The VUB is the only university in Belgium—and one of the few internationally—that offers a PhD degree in Interdisciplinary Studies. This program has been set up in large part under the impulse of CLEA. Our motivation was that under the old regulations, PhDs in CLEA always needed to be formally situated in a particular discipline and faculty (e.g. psychology), even when the research extended across several disciplines (e.g. psychology and computer science), thus creating needless restrictions and administrative complications.
Making a PhD usually takes about 4 years, with a legal minimum of 1 year (which only makes sense for people who already have done most of the work before they register as a student). The official language at the VUB is Dutch, but practically everybody is fluent in English and French, and the work can be done wholly in English. It is in principle possible to work part of the time outside of Belgium, as long as there is sufficient contact with the promoter to allow supervision of the on-going work. This will depend on the promoter and the topic.
While you are registered, you are supposed to report yearly on the work you have done, so as to allow the faculty to check on your progress. For more details on the deadlines and procedures have a look at the VUB website for the Central PhD Regulations.
When the PhD work is finished, submit and defend the thesis for a committee of VUB professors and invited international experts from other institutions. If the committee accepts the thesis, you get your degree. However, your promotor will see to it that poor PhD work is unlikely to make it to the stage where it is defended before a committee.
For more information on all aspects of becoming and working as a PhD student at the VUB, see the website of the Central PhD support programme.
Candidates and their topics
CLEA attracts a particular profile of researchers: very open-minded, bright, non-conformist, passionate, and ambitious in addressing difficult and unconventional issues. Researchers are free in choosing their research subjects and approaches. Preferably there is a connection with the topics on which CLEA is specialized.
See list of CLEA topics here.
We offer candidates an environment that is socially and practically supportive, and intellectually stimulating and challenging. Young researchers are guided by seniors and peers, in part through seminars and forums in which their as yet unfinished ideas are subjected to in-depth discussion. This provides them with plenty of feedback and suggestions for extending their approach. Thus, through their research output they gradually build up a portfolio and CV that will help them in their further academic career.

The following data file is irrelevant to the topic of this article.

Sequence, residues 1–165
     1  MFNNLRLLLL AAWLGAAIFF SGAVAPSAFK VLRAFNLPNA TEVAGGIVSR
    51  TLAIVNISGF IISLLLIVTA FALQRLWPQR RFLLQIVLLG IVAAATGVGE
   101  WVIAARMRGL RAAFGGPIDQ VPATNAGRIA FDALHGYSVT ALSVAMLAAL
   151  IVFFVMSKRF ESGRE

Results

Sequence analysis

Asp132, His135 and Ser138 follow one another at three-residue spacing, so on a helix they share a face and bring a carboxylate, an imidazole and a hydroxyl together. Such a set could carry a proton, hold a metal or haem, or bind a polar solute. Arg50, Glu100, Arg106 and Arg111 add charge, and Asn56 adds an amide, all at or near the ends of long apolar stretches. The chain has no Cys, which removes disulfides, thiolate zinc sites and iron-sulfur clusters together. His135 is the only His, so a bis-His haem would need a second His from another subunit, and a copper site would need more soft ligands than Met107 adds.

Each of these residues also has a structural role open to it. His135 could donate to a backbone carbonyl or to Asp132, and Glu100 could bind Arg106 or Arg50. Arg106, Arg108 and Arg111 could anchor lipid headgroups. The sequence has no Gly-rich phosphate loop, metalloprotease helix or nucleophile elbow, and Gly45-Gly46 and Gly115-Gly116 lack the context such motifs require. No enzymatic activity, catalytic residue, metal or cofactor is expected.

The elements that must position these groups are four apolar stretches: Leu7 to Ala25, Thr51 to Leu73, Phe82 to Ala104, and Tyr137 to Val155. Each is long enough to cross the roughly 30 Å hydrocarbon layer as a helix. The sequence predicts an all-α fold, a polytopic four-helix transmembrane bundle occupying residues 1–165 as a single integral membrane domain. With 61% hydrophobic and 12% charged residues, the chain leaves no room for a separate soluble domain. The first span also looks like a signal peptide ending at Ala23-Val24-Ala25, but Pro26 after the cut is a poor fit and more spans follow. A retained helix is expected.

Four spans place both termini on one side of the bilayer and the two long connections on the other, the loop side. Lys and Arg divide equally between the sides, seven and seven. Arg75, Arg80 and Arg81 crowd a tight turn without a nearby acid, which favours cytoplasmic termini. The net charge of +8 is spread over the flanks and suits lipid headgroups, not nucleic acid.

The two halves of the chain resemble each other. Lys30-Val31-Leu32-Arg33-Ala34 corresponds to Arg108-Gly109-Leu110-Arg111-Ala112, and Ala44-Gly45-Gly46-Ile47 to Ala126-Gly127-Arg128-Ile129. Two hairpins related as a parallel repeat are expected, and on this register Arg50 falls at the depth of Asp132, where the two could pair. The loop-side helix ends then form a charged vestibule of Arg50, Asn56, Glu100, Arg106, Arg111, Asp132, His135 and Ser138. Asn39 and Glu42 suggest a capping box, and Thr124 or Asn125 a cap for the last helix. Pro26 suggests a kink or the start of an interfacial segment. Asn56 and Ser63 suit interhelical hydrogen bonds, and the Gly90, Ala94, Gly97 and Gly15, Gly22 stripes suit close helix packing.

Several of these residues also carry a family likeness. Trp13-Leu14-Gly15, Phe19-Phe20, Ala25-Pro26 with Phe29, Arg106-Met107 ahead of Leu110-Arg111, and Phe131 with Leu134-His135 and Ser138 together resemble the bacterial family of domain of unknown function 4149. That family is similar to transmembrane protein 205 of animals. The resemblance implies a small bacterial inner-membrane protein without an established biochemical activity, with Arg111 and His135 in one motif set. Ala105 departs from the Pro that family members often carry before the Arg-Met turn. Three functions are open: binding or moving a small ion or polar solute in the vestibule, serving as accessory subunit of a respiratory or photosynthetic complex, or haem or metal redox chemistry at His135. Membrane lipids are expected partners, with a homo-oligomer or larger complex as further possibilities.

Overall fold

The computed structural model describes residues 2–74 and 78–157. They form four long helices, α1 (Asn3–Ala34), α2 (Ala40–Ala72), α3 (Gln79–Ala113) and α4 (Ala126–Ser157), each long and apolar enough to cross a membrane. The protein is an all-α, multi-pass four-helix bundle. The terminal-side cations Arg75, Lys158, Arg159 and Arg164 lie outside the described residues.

Formal requirements / How to apply
To get a PhD at the VUB, you need to fulfill the following basic requirements:
- The default requirement for admission as a PhD researcher is a Master’s degree (or equivalent). Non European degrees might have to be certified to be equivalent to a Belgian master.
- find a professor who is willing to be the "promoter" (supervisor, thesis advisor) of your research. For a PhD at CLEA this most likely will be the CLEA director Francis Heylighen, It will in general be necessary to find a second, "co-promoter". Another senior CLEA researcher more specialized in the PhD topic can be a co-promotor. For a promoter to decide whether he would be willing to supervise your work, he should at least receive a clear statement of your interests, your curriculum vitae, and, if possible, some samples of work (papers) that you have done before. These are preferably discussed by email. If these seem acceptable, a meeting can be arranged in Brussels for in-depth discussion.
- Once a promoter is found, the PhD candidate will have to apply for a PhD at the VUB. This is a minor formality for people with a Belgian degree, but demands some extra effort for people with a non-European degree. You can find more information on the prerequisites, the necessary documents and fees on the following page https://student.vub.be/en/phd/step-by-step#application
There are many different ways to receive funding as a PhD researcher. It is, for example, possible to be hired by the university as a research assistant or to research a scholarship or grant. Find out more about mandates, vacancies and funding resources.